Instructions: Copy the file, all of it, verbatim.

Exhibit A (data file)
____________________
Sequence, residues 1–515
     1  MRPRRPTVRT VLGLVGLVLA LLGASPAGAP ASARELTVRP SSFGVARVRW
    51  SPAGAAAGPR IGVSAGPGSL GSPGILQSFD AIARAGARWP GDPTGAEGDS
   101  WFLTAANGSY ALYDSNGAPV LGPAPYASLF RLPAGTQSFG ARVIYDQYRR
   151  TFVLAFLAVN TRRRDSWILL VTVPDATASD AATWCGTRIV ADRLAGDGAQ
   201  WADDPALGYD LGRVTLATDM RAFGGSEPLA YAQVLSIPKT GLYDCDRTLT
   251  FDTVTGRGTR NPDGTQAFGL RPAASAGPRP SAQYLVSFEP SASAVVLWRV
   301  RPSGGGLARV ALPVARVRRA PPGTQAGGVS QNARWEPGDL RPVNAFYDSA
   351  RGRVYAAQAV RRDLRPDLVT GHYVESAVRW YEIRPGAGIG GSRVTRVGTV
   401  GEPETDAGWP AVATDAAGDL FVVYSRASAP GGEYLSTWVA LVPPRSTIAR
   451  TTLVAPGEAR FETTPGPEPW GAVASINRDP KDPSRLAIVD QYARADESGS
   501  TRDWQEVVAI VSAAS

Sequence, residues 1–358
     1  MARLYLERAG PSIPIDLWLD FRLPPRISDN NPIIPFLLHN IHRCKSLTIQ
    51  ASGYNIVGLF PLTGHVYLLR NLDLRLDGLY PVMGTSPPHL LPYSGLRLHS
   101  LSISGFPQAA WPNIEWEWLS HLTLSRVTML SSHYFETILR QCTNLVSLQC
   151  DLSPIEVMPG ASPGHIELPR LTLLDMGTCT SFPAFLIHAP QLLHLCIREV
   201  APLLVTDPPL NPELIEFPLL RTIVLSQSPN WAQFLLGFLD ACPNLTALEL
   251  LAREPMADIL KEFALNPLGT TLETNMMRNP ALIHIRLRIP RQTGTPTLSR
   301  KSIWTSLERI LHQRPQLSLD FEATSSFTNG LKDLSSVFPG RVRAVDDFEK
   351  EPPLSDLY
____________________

Sequence, residues 1–515
     1  MRPRRPTVRT VLGLVGLVLA LLGASPAGAP ASARELTVRP SSFGVARVRW
    51  SPAGAAAGPR IGVSAGPGSL GSPGILQSFD AIARAGARWP GDPTGAEGDS
   101  WFLTAANGSY ALYDSNGAPV LGPAPYASLF RLPAGTQSFG ARVIYDQYRR
   151  TFVLAFLAVN TRRRDSWILL VTVPDATASD AATWCGTRIV ADRLAGDGAQ
   201  WADDPALGYD LGRVTLATDM RAFGGSEPLA YAQVLSIPKT GLYDCDRTLT
   251  FDTVTGRGTR NPDGTQAFGL RPAASAGPRP SAQYLVSFEP SASAVVLWRV
   301  RPSGGGLARV ALPVARVRRA PPGTQAGGVS QNARWEPGDL RPVNAFYDSA
   351  RGRVYAAQAV RRDLRPDLVT GHYVESAVRW YEIRPGAGIG GSRVTRVGTV
   401  GEPETDAGWP AVATDAAGDL FVVYSRASAP GGEYLSTWVA LVPPRSTIAR
   451  TTLVAPGEAR FETTPGPEPW GAVASINRDP KDPSRLAIVD QYARADESGS
   501  TRDWQEVVAI VSAAS

Sequence, residues 1–358
     1  MARLYLERAG PSIPIDLWLD FRLPPRISDN NPIIPFLLHN IHRCKSLTIQ
    51  ASGYNIVGLF PLTGHVYLLR NLDLRLDGLY PVMGTSPPHL LPYSGLRLHS
   101  LSISGFPQAA WPNIEWEWLS HLTLSRVTML SSHYFETILR QCTNLVSLQC
   151  DLSPIEVMPG ASPGHIELPR LTLLDMGTCT SFPAFLIHAP QLLHLCIREV
   201  APLLVTDPPL NPELIEFPLL RTIVLSQSPN WAQFLLGFLD ACPNLTALEL
   251  LAREPMADIL KEFALNPLGT TLETNMMRNP ALIHIRLRIP RQTGTPTLSR
   301  KSIWTSLERI LHQRPQLSLD FEATSSFTNG LKDLSSVFPG RVRAVDDFEK
   351  EPPLSDLY